For scientists see how certain chemicals are harmful to humans, animal testing may be necessary. In a 2009 study, there was a link between prenatal atrazine exposure from the drinking water and reduced body weight in newborns. Low birth weight is related with increased chance of sickness in babies and conditions, such as cardiovascular disease and diabetes (West, 2017).Studies have shown that atrazine has been proven to cause blood hormone levels changes in animals that affected the ability for them to reproduce. A few of the particular effects saw in animals are not prone to happen to people because of the biological differences amongst people and these kinds of animals.
Nonetheless, atrazine may alter the human reproductive system in a different way. Atrazine also caused kidney, liver, and heart damage in animals and although it has not been tested, it is possible that atrazine could cause these conditions in humans (Duke, 2010).How Atrazine is Removed from Water If you are worried about atrazine being in your tap water you can notify your local water provider to see if they monitor and test the contaminant every so often.
Additionally, you can purchase a home water filtration system that will remove atrazine from your water. Using a filter with granulated carbon filter (GAC) can remove less than 3 ppb from your drinking water. Working with a professional engineer will ensure the best treatment for your system (Vuchnich & Shochat, 2014). It is not guaranteed that every kind of treatment is effective and all contaminants are removed from the water. Other options to treatment include developing a different water source or using another safe water source in your region. Avoiding source water containing agricultural runoff is a good way to prevent atrazine contamination (Mercola, 2016). Ways to Reduce the Accumulation of Atrazine & Conserve Water There are many viable ways of growing corn and other crops without using atrazine.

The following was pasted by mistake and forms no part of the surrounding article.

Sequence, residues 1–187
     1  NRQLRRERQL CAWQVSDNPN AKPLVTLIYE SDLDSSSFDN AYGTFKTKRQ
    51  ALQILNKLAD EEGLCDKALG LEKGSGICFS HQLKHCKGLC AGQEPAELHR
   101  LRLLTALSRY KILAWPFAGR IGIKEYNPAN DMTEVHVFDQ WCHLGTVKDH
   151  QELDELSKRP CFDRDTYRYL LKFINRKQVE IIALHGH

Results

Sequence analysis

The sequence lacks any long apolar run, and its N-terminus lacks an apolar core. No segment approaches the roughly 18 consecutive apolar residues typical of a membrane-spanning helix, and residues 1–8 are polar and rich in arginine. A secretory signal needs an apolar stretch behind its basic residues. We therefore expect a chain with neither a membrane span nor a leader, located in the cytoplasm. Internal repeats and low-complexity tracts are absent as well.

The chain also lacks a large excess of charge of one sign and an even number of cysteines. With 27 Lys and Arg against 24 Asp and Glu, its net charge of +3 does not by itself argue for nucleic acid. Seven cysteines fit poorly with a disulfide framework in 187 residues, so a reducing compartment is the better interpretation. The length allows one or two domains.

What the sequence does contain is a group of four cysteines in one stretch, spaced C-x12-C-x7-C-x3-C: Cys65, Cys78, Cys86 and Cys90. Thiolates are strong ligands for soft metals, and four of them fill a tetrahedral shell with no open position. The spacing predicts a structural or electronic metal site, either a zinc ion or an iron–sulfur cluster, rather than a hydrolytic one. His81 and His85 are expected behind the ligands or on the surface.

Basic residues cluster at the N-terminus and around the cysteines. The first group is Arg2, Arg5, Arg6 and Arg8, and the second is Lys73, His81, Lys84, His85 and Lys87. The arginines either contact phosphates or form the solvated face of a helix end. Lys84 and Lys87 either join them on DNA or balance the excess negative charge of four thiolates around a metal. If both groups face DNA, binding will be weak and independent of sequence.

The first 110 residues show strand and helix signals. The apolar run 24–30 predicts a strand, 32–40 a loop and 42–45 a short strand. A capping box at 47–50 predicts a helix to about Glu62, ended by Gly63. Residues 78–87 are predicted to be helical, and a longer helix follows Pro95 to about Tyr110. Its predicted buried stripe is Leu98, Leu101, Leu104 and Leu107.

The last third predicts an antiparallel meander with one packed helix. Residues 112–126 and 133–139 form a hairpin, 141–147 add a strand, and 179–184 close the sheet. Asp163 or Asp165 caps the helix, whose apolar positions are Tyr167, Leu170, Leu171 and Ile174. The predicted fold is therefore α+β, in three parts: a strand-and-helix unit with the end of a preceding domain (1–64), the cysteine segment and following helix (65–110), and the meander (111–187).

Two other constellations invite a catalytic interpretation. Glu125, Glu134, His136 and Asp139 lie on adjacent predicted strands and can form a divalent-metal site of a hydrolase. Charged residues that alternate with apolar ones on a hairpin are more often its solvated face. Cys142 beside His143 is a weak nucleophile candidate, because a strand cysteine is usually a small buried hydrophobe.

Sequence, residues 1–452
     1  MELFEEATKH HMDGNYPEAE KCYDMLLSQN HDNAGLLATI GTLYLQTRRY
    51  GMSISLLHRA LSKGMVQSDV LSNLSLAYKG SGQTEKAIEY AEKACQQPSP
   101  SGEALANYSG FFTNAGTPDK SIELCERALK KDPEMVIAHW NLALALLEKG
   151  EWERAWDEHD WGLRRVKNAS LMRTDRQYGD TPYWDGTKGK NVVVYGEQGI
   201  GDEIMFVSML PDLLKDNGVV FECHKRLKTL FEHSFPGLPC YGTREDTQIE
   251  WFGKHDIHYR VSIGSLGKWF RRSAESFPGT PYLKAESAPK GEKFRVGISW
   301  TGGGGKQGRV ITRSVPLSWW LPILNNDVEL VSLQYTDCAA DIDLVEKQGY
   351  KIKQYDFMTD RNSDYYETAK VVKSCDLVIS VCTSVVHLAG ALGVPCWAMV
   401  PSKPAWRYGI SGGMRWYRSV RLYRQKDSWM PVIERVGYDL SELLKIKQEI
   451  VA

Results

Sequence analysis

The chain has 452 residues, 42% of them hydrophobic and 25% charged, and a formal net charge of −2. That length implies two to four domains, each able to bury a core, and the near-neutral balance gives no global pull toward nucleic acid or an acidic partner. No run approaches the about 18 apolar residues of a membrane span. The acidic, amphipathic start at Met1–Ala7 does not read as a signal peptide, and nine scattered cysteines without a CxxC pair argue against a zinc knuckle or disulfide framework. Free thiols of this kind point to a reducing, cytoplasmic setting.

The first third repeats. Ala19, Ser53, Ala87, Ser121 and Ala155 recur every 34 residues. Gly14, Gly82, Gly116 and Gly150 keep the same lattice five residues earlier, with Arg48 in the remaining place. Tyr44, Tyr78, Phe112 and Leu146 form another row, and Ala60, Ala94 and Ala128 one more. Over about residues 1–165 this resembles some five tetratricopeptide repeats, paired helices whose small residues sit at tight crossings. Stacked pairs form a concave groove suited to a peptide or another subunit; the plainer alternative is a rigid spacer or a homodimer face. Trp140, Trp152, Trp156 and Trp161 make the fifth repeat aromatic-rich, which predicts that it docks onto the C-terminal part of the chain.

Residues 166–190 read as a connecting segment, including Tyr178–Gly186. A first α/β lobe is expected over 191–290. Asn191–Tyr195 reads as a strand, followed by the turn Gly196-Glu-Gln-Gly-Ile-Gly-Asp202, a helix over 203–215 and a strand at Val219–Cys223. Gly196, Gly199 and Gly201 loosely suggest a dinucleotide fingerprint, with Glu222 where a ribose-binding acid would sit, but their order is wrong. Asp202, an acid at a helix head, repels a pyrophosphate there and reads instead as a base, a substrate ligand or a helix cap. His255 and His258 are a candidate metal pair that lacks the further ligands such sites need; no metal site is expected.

In recent analyses, dropping atrazine would result in yield losses of less than 1%, much lower than industry estimates. Farmers in states like Minnesota are using innovative production systems to raise corn without atrazine. Since Germany and Italy banned atrazine in 1991, corn yields and acres of corn harvested have gone up, rather than down. Farm organizations such as the Land Stewardship Project have documented many ways to reduce and eliminate the use of atrazine in corn production (Atrazine runoff, 2005).There are a variety of options of growing corn and other crops without depending on atrazine.
Based on recent analyses, not using atrazine would outcome in yield losses less than 1%. Farmers in the states are using advanced production systems to raise corn without the herbicide. Since the ban of atrazine in 1991 by countries Italy and Germany, the percent of corn yield have went up instead of down (Ehlich, 2016). Farm organizations like the Land Stewardship Project suggest several ways to reduce the use of atrazine in corn production.
To decrease the risk of atrazine runoff farmers can not make applications near water sources or where the herbicide is likely to wash away. A way you can personally reduce your risk of exposure to atrazine is by staying away from places where it is being applied for control of weeds, and avoid working and digging in soils where it has been used (Toxic Substances, 2003).